If you have spent much time filming hunts and editing footage, you have discovered that not all hunting footage is created equal. Some hunters do a great job filming, editing and creating a production that grabs the eye of hunters everywhere. Some hunters fall short when it comes to creating a great film. Jake Cornish from West Michigan is a professional cameraman and producer. He says there are a few things all hunters can do to increase the quality of their footage and their finished film.
THE RIGHT CAMERA
One camera that Cornish often recommends is a Panasonic FZ 1000. “This bridge camera has a great built in 16X zoom so it zooms in well and it zooms out pretty wide. It boasts a versatile lens that a hunter will be able to use to capture great footage of deer when they are close and far away. It shoots 4K resolution and has a jack for a microphone so it is a great all around camera.” If a simpler camcorder is desired the Canon Vixia lineup is an industry favorite. Last I checked Campbell Cameras had some good deals on the Vixia lineup.
PROPER SECONDARY CAMERA ANGLE
When self filming your camera arm should be situated about waist high. This offers a great range of mobility and easy access to the camera. Be sure to note that any interviews should be recorded in a seated position so the sky is not the background. Often times the sky is bright behind the hunter so they end up getting washed out instead of achieving perfect exposure. Point of View cameras are particularly notorious for overexposing the shot if the subject is skylined, Using a Fourth Arrow Outreach Arm is a great option because a hunter can use the arm to get their point of view camera up in the air and out of the tree where the camera can be pointed down instead of having the camera pointed up to the sky,” Cornish added.
KEEP THE CAMERA ROLLING
Another mistake Cornish sees hunters make is not having the camera on unless there are deer around. “Many hunters keep their camera off until a deer shows up. As a result, they end up with a few minutes of deer footage and a kill shot. Many hunters fail to realize that to produce a great film, the hunt should tell a story. Shoot as much footage as possible. If a squirrel climbs a tree nearby, film it. If a hawk lands in a tree, film it. Film everything that is going on so after the hunt there will be plenty of footage to choose from so a good film can be produced. When there isn’t much footage to begin with, the storyline ends up being pretty weak,” Cornish noted.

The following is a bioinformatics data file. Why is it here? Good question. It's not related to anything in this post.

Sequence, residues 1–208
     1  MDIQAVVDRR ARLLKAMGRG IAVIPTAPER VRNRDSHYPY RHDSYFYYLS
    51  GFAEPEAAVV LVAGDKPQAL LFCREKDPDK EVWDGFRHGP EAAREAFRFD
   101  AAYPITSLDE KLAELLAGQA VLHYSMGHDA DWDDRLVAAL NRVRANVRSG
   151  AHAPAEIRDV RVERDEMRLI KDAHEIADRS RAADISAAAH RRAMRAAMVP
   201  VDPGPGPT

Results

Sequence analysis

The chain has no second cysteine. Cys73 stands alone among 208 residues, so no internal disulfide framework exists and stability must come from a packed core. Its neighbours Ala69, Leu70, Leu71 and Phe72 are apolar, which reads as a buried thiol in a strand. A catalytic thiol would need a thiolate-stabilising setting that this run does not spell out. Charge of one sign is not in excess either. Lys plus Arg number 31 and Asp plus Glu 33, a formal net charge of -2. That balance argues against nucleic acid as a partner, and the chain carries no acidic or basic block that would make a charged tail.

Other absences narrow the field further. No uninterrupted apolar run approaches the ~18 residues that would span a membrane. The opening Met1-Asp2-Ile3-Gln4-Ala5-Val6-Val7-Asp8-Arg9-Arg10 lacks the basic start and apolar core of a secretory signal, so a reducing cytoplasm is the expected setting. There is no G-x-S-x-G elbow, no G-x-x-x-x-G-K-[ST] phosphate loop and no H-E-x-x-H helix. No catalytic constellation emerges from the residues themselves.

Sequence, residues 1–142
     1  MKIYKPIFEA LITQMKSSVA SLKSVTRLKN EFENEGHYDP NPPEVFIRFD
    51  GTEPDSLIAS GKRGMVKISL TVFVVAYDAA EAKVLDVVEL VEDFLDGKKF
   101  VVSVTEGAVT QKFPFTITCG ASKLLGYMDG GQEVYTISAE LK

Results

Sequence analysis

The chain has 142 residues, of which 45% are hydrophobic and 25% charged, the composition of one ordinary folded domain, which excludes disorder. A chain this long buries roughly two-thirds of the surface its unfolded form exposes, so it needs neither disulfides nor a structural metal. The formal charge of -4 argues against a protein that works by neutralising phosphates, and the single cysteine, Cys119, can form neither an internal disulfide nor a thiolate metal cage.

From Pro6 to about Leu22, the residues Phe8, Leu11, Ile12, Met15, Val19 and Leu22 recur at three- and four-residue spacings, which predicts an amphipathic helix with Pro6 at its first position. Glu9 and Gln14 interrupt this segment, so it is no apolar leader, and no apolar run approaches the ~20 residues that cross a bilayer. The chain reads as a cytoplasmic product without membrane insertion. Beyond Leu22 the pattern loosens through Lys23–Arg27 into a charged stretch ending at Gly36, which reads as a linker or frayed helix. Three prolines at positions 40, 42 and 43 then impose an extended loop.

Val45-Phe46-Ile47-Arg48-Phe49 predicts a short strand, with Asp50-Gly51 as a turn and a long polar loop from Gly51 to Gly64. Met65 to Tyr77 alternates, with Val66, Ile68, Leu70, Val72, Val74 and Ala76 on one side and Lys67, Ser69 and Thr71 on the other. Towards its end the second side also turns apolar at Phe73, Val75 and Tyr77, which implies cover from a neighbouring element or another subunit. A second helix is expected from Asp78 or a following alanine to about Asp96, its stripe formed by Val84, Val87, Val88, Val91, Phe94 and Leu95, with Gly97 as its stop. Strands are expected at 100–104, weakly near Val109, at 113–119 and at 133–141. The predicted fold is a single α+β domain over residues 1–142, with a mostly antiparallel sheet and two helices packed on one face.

DON’T FORGET THE MICROPHONE
Many hunters aren’t afraid to spend a little money on a camera, but that’s it. One purchase that Cornish believes is a must is an external microphone. “There are several different mic options on the market from inexpensive to really expensive. Even if a person doesn’t want to spend much, a cheap mic is better than nothing. A good story can’t be told without good audio. Many people forget that good audio is necessary. The built in camera mic is not enough- especially when wind is a factor” Check out reviews on sites like Amazon before you purchase a mic.
Last but not least, shaky footage is not good. A general rule of thumb is you want to avoid touching the camera as much as possible. “When self filming or running camera for someone else a hunter should always have a good camera arm.” Cornish suggests a Fourth Arrow Stiff Arm. “When a hunter is in a blind, they should use a tripod and a Rex Arm. Even when walking and filming, it is best to use a glide cam that can stabilize the camera. Hand holding a camera results in shaky footage and shaky footage is hard to watch.”
Cornish is quick to point out that creating a quality film doesn’t require a lot of money, but it does require being patient, taking your time, being knowledgeable, and having the right gear. By investing a little bit of money in the right gear and educating yourself, you can produce films that everyone will enjoy watching.